Writing from this perspective, Arthur Peacocke has argued that the new discoveries of chaos and complexity have suggested a new paradigm for understanding nature in terms of the creative interplay of chance and law. Chance operates within a lawlike framework which limits the possible outcomes. Chance allows for new forms of life and organization to emerge, while deterministic laws provide the stability for these new forms to endure. "It is the combination of the two [law and chance] which makes possible an ordered universe capable of developing within itself new modes of existence."33 In this perspective, chance is not an autonomous metaphysical principle opposed to divine purpose, but is part of a larger lawful structure and one of the mechanisms used by God in the process of creation. Viewed in this light, the role of chance in evolutionary theory is not necessarily a threat to Christian theism as Hodge supposed.34

This way of viewing the relationship of chance events to the providence of God has significant precedent in the history of Christian theology. In Summa Contra Gentiles, Thomas Aquinas states that while all events are subject to divine providence, not all "Šwill be necessary, but a good many are contingent." God is the cause of all things, and just as an animal cares for its young, so God takes care of all that he has made. His divine providence applies to contingent singulars such as the fall of a sparrow (Matt. 10:29) as well as to those things that happen by necessity.35

In chapter five, paragraph two of the Westminster Confession of Faith (1647)‹perhaps the single, most influential confessional document in English-speaking Christianity‹the issue of providence is addressed. The Westminster divines, speaking from a Puritan and Calvinistic theological perspective, stated that "Although in relation to the foreknowledge and decree of God, the first cause, all things come to pass immutably and infallibly, yet by the same providence he ordereth them to fall out, according to the nature of second causes, either necessarily, freely, or contingently." The confession here uses the Thomistic distinction between primary and secondary causes. God is the primary and ultimate cause of all that happens, whether the fall of a sparrow, the fall of an empire, the rising of the sun, or the crucifixion of the Messiah. God's primary causation is usually mediated, however, through the agency of secondary causes‹either through human choices or through the operation of natural laws. These secondary causes can act "necessarily," as in the falling of a stone to the ground; "contingently," as in the casting of a lot; or "freely," as in King David's decision to commit adultery with Bathsheba. Though the seventeenth century worldview of the Westminster divines understood the term "contingently" in terms of what we would now call "classical uncertainty" (i.e., a "coin toss") rather than "quantum" or "chaotic" uncertainty, which were unknown at the time, it is nevertheless the case that their basic standpoint can be extended to encompass the new phenomena of chaos theory. "Secondary causes" can be expanded to include the phenomena described by quantum mechanics and chaos theory as well as those described by Newtonian (or Aristotelian) physics. All events of history and nature are embedded within a lawful, coherent structure ultimately ordered by the providence of God.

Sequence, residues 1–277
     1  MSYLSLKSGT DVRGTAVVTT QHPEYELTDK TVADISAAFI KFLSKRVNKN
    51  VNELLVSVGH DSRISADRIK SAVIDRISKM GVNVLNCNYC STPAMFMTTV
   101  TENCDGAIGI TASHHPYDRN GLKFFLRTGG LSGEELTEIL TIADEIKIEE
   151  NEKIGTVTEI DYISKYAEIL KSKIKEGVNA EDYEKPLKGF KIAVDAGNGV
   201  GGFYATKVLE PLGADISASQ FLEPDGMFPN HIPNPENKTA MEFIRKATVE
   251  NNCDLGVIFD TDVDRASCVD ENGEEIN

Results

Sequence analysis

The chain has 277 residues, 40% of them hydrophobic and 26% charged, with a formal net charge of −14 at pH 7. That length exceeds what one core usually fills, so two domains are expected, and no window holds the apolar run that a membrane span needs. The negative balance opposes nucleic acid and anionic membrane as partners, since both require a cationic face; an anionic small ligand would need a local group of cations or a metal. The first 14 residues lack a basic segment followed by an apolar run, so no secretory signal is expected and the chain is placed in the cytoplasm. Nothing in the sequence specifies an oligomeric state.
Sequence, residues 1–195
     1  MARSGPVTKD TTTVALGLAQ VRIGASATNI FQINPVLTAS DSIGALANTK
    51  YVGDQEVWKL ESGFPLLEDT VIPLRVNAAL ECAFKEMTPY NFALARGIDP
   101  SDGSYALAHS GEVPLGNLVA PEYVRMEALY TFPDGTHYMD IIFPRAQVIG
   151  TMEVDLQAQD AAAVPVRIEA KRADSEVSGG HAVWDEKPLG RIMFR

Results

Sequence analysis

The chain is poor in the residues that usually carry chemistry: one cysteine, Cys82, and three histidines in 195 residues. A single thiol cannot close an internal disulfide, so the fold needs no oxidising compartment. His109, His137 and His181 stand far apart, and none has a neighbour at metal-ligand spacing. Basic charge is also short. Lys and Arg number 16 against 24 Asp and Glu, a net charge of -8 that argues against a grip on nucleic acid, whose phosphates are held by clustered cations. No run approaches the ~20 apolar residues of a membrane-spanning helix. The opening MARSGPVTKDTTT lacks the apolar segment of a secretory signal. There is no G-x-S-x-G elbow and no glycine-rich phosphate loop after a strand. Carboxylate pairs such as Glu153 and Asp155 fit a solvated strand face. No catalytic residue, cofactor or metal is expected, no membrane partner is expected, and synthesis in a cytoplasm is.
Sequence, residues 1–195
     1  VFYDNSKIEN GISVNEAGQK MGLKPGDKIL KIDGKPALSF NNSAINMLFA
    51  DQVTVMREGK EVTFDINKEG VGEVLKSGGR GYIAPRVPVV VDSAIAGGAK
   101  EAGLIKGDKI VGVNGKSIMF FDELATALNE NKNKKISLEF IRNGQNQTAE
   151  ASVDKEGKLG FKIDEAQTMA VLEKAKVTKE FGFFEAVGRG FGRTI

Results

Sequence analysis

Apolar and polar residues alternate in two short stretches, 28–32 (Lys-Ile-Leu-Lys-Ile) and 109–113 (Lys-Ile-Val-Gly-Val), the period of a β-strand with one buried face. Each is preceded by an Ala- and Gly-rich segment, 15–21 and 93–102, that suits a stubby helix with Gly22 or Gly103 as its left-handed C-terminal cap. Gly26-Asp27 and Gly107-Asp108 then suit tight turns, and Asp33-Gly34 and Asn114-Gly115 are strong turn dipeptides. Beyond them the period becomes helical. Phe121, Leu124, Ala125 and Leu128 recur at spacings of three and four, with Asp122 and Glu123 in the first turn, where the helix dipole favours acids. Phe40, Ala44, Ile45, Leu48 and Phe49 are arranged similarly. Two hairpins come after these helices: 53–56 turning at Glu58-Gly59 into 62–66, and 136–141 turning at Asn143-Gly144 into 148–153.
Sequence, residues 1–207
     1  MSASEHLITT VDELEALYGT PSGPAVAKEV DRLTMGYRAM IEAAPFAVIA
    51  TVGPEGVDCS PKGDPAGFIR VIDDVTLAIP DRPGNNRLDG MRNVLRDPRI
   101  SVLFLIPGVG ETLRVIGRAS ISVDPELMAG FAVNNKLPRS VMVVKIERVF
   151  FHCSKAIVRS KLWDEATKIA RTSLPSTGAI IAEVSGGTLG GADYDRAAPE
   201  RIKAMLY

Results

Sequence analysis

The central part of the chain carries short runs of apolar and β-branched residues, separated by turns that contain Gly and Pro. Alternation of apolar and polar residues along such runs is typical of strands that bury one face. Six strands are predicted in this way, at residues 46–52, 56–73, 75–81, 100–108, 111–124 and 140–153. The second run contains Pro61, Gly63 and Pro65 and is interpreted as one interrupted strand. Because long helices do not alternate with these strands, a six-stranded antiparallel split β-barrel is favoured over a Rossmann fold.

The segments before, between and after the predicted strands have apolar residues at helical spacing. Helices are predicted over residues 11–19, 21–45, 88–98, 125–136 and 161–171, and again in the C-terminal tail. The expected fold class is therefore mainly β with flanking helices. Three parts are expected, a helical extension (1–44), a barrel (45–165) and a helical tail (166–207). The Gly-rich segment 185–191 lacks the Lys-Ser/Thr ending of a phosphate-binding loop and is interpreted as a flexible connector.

It is also important to note that the biblical understanding of the relationship of God to chaotic phenomena is quite different from that found in many cosmologies of the ancient world. In a creation myth from the ancient Near East such as the Enuma Elish, the so-called "Babylonian Genesis," Marduk battles for supremacy among the gods by defeating Tiamat, the personification of the forces of chaos.36 In Plato's Timaeus, the Demiurge gives form to a pre-existing chaotic matter rather than calling all things into being by a sovereign act of ex nihilo creation.37 In biblical thought, the chaotic forces of nature and history are not divine beings or metaphysical principles that have independence over against God. The God of the Bible is the sovereign Creator, Sustainer, and Redeemer who uses the humanly unpredictable and controllable forces of the natural world for his own purposes.

In a textbook on chaos theory written for scientists and engineers, Francis C. Moon notes that the new paradigm which is beginning to supplant the Newtonian "clockwork" image embodies a "Š concept of chaotic events resulting from orderly laws, not a formless chaos, but one in which there are underlying patterns, fractal structures, governed by a new mathematical view of our `orderly' world."38 Moon's observation that chaotic phenomena are embedded in deeper underlying structures accords remarkably well with a biblical theology of creation and providence. There is a "logos structure" (John 1:1,3; cf. Col. 1:15­20) in God's created order which encompasses the turbulent and unpredictable events studied by the chaos theorists. These phenomena are "chaotic" but do not represent a "lawless" or "unbounded" chaos; they are embedded within deeper structures of order.